In conclusion

            The Israelites left Egypt with plunder and the Promised Land in their minds.  There were going to meet the Promiser of the Promised Land and enter into a land flowing with milk and honey.  However, they struggled in the wilderness.  They grumbled and complained.  And when it came time to cleanse themselves and three days later encounter God, they went astray, and made a golden calf.  In one sense, Aaron fashioned or conformed to the image of the religious world that he was familiar with.  They seemed to have good intentions but were unable to follow through in true consecration and commitment.  The question is why.  Even though their intentions were good, the underlying desires of their hearts were corrupt.  We are told that “each person is tempted when he is lured and enticed by his own desire. 15 Then desire when it has conceived gives birth to sin, and sin when it is fully grown brings forth death” (James 1:14-15).  We all have good intentions, but we mess it up when our lusts / desires lead us astray.  If we truly want to receive the fulness of God’s promises in our lives:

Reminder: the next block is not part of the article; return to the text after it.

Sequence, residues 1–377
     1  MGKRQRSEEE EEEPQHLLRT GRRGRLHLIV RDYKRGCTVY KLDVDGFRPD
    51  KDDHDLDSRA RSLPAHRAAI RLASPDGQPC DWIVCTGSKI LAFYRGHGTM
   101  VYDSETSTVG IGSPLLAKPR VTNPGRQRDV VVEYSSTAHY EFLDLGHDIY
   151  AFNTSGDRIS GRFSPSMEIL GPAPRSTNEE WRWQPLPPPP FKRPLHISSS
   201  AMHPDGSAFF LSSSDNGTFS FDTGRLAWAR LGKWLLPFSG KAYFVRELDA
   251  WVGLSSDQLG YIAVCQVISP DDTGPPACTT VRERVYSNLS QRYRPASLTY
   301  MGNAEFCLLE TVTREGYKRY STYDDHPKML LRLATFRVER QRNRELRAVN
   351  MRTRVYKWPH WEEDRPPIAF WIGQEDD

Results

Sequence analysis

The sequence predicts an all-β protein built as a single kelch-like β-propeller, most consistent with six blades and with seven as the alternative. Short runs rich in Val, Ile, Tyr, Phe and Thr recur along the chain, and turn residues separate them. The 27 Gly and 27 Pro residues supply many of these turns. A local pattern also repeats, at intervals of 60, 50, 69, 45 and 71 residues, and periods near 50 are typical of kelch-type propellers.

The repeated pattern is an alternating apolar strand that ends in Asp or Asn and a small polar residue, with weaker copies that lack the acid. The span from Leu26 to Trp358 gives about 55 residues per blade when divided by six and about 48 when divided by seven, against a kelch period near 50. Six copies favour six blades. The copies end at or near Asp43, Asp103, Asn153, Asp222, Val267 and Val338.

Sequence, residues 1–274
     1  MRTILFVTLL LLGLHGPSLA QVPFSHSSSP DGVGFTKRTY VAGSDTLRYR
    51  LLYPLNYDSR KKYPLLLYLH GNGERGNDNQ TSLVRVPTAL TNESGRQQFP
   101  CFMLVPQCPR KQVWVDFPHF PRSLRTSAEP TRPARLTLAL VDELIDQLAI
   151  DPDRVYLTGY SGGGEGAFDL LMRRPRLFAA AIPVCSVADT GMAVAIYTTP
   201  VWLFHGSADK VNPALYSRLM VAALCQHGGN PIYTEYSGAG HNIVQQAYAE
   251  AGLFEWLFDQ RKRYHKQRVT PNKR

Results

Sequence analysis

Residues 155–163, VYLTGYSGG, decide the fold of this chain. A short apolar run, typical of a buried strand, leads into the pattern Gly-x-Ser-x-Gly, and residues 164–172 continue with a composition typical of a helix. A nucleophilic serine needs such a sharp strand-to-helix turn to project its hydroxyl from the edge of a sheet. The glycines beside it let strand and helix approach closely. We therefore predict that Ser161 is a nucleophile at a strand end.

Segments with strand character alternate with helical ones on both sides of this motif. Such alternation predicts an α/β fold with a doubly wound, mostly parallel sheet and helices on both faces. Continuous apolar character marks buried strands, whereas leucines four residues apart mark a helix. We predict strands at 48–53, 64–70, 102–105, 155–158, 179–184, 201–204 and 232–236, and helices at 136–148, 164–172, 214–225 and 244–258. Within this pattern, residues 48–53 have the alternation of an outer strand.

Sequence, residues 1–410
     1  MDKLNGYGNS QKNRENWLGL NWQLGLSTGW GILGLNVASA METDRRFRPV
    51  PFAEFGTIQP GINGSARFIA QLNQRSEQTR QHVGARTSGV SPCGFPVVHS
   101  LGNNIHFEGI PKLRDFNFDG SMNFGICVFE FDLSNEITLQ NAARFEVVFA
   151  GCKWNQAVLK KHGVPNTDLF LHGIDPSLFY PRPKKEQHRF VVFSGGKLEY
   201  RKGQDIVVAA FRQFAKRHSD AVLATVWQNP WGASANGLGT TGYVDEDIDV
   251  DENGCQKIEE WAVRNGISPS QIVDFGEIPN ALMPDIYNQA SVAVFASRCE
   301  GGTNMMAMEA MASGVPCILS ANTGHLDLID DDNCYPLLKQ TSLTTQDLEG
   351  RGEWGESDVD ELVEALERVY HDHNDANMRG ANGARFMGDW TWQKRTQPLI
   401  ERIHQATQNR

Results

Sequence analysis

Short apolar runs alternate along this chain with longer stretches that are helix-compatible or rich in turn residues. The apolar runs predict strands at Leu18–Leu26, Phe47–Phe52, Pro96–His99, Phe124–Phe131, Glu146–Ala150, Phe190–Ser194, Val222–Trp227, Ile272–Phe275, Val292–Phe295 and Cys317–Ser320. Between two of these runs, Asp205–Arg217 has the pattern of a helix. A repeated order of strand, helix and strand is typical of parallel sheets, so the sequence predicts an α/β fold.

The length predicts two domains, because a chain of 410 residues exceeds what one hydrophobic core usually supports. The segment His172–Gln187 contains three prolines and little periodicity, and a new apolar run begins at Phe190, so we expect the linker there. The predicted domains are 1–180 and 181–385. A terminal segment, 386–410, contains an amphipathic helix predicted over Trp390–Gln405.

·      We must learn how to put to death the desires of our sinful nature (Gal 5:24)

 

·      We must learn how to separate ourselves from compromise in relation to our culture.

 

·      We must learn how to join ourselves to God the Promiser, not just the promises.

 

 

The main difference between Moses (Joshua and Caleb too) and the people of Israel was inner motivation.  Moses and his crew wanted the Presence and Promiser, God himself, while the children of God wanted what was best for them.  This is a huge warning for us today.  We must go after God himself and not just what he promises to us.  If we take hold of the Promiser with all our heart, soul, mind and strength, then he will take hold of us with his great and precious promises.  Let’s love God for who he is and not just for what he can do for us…